By Letter to the Editor on August 19, 2021.
I agree with MLA Nathan Neudorf’s opening statement in his Aug. 13 column from the Legislature that “in southern Alberta water truly is one of our most precious resources, and its safety, protection, and allocation are a key priority for all of us.” Unfortunately the rest of his column muddies the waters.
The column fails to clarify that the Oldman River Basin Water Allocation Order (Order) its name does not apply to the entire Oldman River Basin but only to a reserve of 11,000 acre feet of water upstream of the Oldman reservoir from the upper Oldman, Castle and Crowsnest rivers. Water was reserved under the Order in 2003, just prior to closure of the entire basin to further water licences, as compensation to municipalities in the headwaters for flooding of agricultural land and other impacts from construction of the Oldman River dam.
MLA Neudorf is correct that approximately 84 percent of water reserved under the Order is not yet licensed. The column alleges a “perceived inequality” given that industrial users can access only 1.3 per cent of the water, all of which is currently used, and irrigation users can access 85 per cent, only 14 per cent of which is being used.
This situation is the result of choices made by residents in headwaters municipalities for the best use of the allocation available to them. Government’s proposal to set aside 20 per cent for “aquatic environmental needs” is tokenism and lacks a scientific rationale.
Current water shortage advisories on the Upper Oldman River, Pincher Creek and Castle River indicate that, regardless of purpose, allowing withdrawal under the Order of additional hundreds of acre feet of water each year from headwater tributaries, as would be required for proposed coal mines, will be problematical.
Contrary to MLA Neudorf’s assertion that “a significant portion of Oldman River water has not been accessed over the past 30 years”, the 9,229 acre-feet of water remaining unallocated under the order is insignificant given that two hundred times that amount – 800,000 million acre feet – is licensed for use in the Oldman River Basin.
Approximately two per cent of allocation within the entire basin is for commercial and industrial purposes and three per cent for municipal purposes while over 85 per cent is for irrigation agriculture. In dry years such as the current one almost the entire agricultural allocation – 60 per cent of the mean natural flow at the mouth of the Oldman River – is being diverted to irrigate hay and annual crops. Mr. Neudorf does not represent this situation as an inequality but instead touts the “$815 million investment to increase our irrigation system” in the Oldman and Bow River basins. Thirty per cent of the investment is a provincial grant and 50 per cent is a loan from the Canada Infrastructure Bank.
What flow is left for fish and other aquatic organisms and for the health of rivers when current water licences are accommodated? According to the South Saskatchewan River Basin Water Management Plan, our rivers must get by on 45 per cent or less of natural flow in drier-than-average years such as this one, not with ecological justification but because water licences totalling over two-thirds of mean natural flow had been granted before a decision was made to stop issuing licences in 2006. This situation could be described as over-allocation, a failure to define science-based environmental flows and proactively set limits on water diversions.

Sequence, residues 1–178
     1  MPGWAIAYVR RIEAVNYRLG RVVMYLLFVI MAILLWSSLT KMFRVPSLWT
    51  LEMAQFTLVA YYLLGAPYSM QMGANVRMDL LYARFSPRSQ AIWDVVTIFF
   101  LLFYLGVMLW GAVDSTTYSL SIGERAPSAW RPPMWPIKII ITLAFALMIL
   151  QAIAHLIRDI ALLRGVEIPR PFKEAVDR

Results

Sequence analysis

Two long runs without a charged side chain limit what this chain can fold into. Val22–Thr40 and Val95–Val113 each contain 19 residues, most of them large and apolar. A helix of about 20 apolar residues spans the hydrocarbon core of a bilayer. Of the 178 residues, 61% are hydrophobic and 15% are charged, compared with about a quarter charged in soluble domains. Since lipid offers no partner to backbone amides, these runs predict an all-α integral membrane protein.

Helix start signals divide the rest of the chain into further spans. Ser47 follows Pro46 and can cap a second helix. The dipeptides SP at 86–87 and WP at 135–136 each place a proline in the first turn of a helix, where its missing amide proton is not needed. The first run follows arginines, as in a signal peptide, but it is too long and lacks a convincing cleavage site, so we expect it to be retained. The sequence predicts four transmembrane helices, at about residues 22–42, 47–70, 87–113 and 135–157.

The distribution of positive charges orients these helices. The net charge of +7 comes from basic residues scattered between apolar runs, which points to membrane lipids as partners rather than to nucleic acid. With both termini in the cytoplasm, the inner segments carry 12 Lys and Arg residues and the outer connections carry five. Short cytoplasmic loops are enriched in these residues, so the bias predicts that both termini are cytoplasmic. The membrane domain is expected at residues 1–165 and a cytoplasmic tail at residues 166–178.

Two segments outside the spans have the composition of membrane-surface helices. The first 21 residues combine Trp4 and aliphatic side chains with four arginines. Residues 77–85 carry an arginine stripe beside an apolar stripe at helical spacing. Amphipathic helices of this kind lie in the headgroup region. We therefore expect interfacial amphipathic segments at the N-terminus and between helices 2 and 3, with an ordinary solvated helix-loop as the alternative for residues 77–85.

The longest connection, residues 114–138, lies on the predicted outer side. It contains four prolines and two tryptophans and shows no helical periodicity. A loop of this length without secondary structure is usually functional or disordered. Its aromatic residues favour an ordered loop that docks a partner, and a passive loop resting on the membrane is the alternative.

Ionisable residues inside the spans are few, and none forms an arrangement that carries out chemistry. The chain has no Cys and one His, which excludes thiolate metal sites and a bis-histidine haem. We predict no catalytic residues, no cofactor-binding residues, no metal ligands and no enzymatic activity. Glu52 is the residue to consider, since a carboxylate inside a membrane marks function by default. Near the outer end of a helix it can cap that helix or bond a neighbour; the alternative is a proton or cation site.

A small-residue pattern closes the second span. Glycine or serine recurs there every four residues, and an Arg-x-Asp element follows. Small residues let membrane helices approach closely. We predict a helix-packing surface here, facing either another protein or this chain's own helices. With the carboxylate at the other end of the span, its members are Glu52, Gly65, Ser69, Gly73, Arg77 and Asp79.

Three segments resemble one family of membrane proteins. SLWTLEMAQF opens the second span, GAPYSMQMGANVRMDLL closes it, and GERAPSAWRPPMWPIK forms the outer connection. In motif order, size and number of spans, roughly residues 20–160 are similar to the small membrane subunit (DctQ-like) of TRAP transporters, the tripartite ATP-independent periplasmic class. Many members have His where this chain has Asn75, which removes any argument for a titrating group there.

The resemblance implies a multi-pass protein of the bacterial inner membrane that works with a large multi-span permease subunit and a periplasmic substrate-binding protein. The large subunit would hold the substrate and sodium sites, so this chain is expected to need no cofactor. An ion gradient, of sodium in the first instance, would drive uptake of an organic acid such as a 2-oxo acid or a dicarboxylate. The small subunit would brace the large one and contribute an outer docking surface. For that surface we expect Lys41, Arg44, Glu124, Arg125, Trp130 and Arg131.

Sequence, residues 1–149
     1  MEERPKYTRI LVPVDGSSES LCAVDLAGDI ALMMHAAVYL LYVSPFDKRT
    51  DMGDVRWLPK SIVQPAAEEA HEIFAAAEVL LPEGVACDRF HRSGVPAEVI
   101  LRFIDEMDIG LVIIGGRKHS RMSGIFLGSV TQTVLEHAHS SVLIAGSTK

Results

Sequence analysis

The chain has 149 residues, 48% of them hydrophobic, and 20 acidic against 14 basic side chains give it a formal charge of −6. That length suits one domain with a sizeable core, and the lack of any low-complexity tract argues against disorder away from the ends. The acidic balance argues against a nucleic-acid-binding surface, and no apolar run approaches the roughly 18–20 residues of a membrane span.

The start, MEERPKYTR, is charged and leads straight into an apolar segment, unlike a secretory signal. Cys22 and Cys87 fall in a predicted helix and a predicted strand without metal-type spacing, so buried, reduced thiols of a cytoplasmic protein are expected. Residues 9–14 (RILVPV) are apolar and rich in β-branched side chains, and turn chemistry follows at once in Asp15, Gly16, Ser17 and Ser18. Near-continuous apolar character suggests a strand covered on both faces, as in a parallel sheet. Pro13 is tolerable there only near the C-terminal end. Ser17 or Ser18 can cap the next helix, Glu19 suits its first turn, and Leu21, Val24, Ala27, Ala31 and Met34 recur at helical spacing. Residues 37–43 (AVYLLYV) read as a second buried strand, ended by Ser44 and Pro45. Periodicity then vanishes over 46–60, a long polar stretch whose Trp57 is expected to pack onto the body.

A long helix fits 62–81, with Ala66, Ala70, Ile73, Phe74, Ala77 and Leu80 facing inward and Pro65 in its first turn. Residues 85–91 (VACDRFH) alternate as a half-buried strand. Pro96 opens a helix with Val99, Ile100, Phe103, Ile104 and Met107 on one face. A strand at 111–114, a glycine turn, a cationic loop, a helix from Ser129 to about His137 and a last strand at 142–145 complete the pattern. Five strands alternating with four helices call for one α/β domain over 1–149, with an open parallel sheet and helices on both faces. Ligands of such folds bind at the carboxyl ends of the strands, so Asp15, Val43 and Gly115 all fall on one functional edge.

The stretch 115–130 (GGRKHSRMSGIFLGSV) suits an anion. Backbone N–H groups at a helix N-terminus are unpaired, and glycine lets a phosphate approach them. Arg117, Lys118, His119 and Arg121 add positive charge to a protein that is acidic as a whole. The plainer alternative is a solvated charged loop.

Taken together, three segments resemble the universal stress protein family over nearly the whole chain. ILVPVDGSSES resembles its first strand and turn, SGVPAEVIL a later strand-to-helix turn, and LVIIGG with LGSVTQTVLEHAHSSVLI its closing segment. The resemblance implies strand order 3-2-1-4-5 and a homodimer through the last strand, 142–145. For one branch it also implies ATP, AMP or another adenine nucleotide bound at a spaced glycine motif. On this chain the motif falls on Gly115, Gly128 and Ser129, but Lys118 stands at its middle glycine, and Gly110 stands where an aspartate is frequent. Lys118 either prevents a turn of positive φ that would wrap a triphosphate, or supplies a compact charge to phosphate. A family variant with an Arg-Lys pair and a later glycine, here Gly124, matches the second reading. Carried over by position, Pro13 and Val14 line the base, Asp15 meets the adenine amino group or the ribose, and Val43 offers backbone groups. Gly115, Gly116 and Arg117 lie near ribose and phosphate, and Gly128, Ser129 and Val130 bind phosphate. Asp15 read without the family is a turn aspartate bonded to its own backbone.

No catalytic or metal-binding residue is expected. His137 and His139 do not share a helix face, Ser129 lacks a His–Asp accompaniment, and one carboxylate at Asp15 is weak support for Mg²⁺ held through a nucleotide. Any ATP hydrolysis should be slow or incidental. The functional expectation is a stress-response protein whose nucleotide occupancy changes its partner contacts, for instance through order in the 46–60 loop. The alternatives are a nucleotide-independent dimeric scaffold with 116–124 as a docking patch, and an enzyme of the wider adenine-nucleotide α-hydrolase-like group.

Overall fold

Climate change is likely to exacerbate risk of shortage for fish and maintaining water quality and riparian habitats, not to mention for junior licence holders in the Oldman River Basin.
In addition, there is a lack of monitoring and enforcement of licensed diversions to ensure the current less-than-satisfactory objectives for instream flows are being met.
A recent report by four Watershed Planning and Advisory Councils in the South Saskatchewan River Basin, including the Oldman Watershed Council, concludes “More needs to be done to restore and protect the long-term health of the aquatic and riparian environmentâ€¦water supply for economic growth, municipal growth and other needs will need to be matched with aquatic environment requirements.”
Mr. Neudorf applauds efficiency improvements in irrigation and I agree. However hundreds of millions of dollars in public funding has enabled these improvements over several decades and I question his implicit assumption that all of the saved water should go to expanding irrigated acres. It reflects a bias that water is only “precious” if it can be used to grow a crop – but water flowing in a river has value also.
The story of how irrigation agriculture developed in southern Alberta is a complex one, as is the story of how those decisions affect rivers today. Public scrutiny of proposed irrigation expansion is obscured behind a murky veil of confidential deals with irrigation districts and the Canada Infrastructure Bank.
If “water is our most precious resource and its safety, protection, and allocation are a key priority for all of us” then I suggest government initiate a public conversation about the impacts of proposed irrigation expansion and about reserving some of the saved water (paid for out of the public purse) to sustain our rivers and for society’s future needs.
Simplistic and muddy narratives such as Mr. Neudorf’s do not help find clarity on decisions that will sustain irrigation and other uses of water as well as the health of our rivers.
Southern Alberta Group for Environment